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Speeches & Transcripts April 6, 2018

Mindanao Today, Mindanao Tomorrow: Unlocking Mindanao’s Potential Opening Remarks

Honorable Secretary Benjamin Diokno of the Department of Budget and Management;

Honorable Secretary Abul Khayer Alonto of the Mindanao Development Authority;

Honorable Secretary Silvestre Bello III of the Department of Labor and Employment;

Mr. Miguel Dominguez, Chair of the Philippine Business for Social Progress;

Honorable governors and mayors of Mindanao;

Leaders of the business sector;

Distinguished guests;

Ladies and gentlemen;

Maayong hapon! [Good afternoon!]

I am honored to be in the presence of many distinguished officials, guests and friends who all have a stake in Mindanao. As we know, Mindanao is a large region, with an area of more than 97 thousand square kilometers and home to around 24 million people of diverse ethnicities and faiths. We are all gathered here today because we all share the same passion for Mindanao and its future.  

I have come to Mindanao many times.  I have visited prosperous cities as well as struggling towns.  I have been to places where security is stable as well as places where peace is a major challenge.

As I traveled, Filipinos have explained to me the Philippines’ sharp regional contrasts, which are quite obvious in Mindanao.

Let me cite an example: The Philippines is a middle-income country, with $2,953 GDP per capita and a vibrant economy. In Mindanao, however, the GDP per capita is $1,800 while in the Autonomous Region in Muslim Mindanao (ARMM), the GDP per capita is only $576.

Such regional disparities are further reinforced by the human development indicators in Mindanao with the greatest challenge in ARMM. More than half of ARMM’s population is poor. More than half of its employed population are in agriculture with 80 percent of them working as subsistence farmers, living precariously from crop to crop.

Challenged by this paradox, the World Bank started working with MinDA and other government agencies, stakeholders from the private sector, civil society, people’s organizations, development partners, and experts from the academe to develop a strategy for for the whole region of Mindanao, that would help lift development in the entire region, while paying special attention to the poorest and most vulnerable areas.  

The result of this collaboration is the report we are launching today: Philippines Mindanao Jobs Report: A Strategy of Mindanao Regional Development.

This study has gone through a very extensive consultation process. Everyone we spoke to had the same message: the challenge for Mindanao is how to speed up inclusive growth or growth that creates more and better jobs, reduces poverty, and helps strengthen the prospects for peace.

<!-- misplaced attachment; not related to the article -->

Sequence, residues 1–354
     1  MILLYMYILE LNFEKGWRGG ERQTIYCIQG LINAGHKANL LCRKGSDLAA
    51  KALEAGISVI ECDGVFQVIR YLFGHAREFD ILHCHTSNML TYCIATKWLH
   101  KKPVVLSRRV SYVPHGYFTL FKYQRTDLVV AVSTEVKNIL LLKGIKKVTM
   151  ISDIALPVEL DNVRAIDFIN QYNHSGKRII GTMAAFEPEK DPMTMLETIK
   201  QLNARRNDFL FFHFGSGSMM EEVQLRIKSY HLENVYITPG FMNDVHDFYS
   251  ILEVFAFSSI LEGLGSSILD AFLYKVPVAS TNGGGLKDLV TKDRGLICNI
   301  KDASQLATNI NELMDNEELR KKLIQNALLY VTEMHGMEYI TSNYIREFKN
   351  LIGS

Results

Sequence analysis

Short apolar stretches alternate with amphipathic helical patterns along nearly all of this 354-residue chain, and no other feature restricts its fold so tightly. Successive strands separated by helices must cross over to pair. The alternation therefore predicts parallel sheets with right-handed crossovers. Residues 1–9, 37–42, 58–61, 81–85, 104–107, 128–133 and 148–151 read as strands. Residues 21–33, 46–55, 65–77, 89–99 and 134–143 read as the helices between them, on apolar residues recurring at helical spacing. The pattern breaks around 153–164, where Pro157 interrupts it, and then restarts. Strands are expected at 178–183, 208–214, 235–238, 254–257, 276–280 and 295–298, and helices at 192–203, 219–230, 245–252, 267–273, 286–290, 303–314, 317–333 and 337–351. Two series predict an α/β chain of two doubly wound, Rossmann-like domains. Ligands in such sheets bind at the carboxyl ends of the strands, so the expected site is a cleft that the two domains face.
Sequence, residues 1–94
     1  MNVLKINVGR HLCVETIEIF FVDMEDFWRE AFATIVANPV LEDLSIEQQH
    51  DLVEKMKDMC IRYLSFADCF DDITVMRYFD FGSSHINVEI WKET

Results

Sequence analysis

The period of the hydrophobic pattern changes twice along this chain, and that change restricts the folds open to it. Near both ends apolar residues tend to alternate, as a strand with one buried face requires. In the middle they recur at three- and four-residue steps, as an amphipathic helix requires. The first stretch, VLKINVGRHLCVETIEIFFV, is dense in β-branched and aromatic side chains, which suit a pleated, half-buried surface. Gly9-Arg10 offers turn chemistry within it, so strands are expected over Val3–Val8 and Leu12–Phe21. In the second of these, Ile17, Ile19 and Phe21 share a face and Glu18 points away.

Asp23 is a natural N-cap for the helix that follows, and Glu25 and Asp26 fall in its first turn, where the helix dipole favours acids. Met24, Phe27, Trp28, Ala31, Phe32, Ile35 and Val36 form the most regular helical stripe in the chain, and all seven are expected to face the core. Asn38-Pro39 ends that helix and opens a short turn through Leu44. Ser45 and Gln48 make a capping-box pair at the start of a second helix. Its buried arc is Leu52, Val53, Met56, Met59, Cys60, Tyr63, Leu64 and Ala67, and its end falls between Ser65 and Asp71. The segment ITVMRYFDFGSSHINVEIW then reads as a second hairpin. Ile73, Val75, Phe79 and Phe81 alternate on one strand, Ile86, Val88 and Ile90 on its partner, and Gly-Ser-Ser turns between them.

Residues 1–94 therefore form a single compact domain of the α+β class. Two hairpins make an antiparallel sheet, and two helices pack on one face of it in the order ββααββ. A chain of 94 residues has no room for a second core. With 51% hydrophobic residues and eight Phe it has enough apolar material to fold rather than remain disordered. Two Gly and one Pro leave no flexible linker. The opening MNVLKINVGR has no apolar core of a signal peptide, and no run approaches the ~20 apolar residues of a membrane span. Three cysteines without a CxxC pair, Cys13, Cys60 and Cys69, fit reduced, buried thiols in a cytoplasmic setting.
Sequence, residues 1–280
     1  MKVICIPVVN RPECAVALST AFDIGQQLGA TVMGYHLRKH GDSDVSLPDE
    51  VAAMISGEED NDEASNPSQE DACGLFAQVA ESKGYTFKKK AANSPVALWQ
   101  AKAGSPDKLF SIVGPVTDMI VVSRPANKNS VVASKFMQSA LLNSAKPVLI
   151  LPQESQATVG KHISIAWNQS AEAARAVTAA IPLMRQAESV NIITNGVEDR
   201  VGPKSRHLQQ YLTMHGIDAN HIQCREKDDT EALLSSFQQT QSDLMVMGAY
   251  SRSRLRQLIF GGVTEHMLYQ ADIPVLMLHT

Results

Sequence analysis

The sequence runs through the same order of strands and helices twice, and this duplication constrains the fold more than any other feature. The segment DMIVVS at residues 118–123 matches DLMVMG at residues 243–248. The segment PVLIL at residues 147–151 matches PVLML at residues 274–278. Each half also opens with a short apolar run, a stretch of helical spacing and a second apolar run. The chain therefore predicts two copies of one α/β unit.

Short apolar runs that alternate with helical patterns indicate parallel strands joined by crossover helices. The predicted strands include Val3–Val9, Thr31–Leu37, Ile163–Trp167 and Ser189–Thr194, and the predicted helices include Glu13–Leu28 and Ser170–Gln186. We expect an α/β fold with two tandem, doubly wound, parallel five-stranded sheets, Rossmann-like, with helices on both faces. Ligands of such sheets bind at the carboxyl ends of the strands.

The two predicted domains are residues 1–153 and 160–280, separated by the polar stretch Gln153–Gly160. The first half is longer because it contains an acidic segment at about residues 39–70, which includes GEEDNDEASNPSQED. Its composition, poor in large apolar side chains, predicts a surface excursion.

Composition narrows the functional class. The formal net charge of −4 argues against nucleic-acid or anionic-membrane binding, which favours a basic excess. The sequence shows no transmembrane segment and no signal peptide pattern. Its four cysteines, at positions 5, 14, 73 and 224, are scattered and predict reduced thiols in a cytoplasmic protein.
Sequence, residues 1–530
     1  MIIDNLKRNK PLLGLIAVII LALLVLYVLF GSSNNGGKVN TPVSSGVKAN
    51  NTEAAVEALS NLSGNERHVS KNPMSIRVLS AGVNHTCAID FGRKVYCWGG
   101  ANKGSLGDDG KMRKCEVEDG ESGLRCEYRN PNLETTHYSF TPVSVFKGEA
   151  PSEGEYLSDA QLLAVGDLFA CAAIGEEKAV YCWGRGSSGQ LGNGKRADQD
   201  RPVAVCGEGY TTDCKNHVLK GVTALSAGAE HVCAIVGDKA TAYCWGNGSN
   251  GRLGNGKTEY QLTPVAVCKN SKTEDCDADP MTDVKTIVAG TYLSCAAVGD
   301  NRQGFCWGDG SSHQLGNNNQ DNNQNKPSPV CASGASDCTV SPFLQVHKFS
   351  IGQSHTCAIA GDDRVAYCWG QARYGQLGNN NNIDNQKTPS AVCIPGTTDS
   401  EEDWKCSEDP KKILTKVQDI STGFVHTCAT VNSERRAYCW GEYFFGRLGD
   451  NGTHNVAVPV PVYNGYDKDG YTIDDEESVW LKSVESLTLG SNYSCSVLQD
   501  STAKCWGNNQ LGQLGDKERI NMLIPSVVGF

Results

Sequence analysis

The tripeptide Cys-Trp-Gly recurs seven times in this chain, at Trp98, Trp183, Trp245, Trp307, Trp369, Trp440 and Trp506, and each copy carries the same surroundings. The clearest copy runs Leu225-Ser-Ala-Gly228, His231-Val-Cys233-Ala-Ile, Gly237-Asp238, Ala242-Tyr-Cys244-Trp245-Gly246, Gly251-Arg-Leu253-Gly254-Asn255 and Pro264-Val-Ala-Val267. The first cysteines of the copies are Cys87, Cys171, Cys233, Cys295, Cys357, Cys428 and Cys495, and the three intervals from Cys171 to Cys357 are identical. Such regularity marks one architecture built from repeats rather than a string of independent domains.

Reflecting the collective knowledge and wisdom of Mindanao’s leaders and stakeholders, and supported by analysis conducted by the World Bank, the report came up with recommendations around three major development areas, namely:

  • Raising the productivity of Mindanao’s agriculture and fisheries sector and improving connectivity to markets;
  • Boosting human capital and social protection for the poor; and
  • Addressing the drivers of conflict and strengthening institutions in conflict-affected areas.

Many of the ideas in the report are not new to most of us. Many of the recommendations are either under various stages of implementation or in the pipeline of projects prepared by MinDA, other agencies of the government, and local government units.

The World Bank and other development partners have been supporting a number of these projects. Many of them are in infrastructure, education, health, social protection, community-driven development, and rural development.

However, what the report tries to achieve is reinforcement of the idea that no single project, program or reform can solve Mindanao’s challenges. It is only through recognizing the interconnectedness of the constraints and their solutions, and by planning and implementing programs and reforms in a more focused and coordinated way that our country can unlock Mindanao’s potential.

I will not dwell on the details of the report. We will have more time to discuss them later.

What I would like to highlight is this: In the long-run, progress in the entire country depends on growth and development in Mindanao.

Mindanao holds about one-fourth of the country’s population and one-third of the total number of poor Filipinos, therefore, significantly reducing national poverty hinges on reducing poverty in Mindanao. Ensuring Mindanao’s prosperity benefits the entire country.

If we all work together -- the government, the private sector, civil society, and development partners – Mindanao’s potential today can be unlocked for a more vibrant Mindanao tomorrow where Filipinos will have a better chance to have a better life.

On the part of the World Bank Group, our partnership strategy for the Philippines now focuses on scaling up support for peace-building and development in Mindanao.

We are supporting the government’s program to raise agricultural productivity and improve connectivity from farm to market; boost education, skills, and employability of the youth; and help build resilient communities.

Before I end, please allow me to thank the Australian Department of Foreign Affairs and Trade and the Korean Trust Fund for all their support to this endeavor.

Thank you very much and may we all have a very fruitful discussion today.

Daghang Salamat! [Thank you very much!]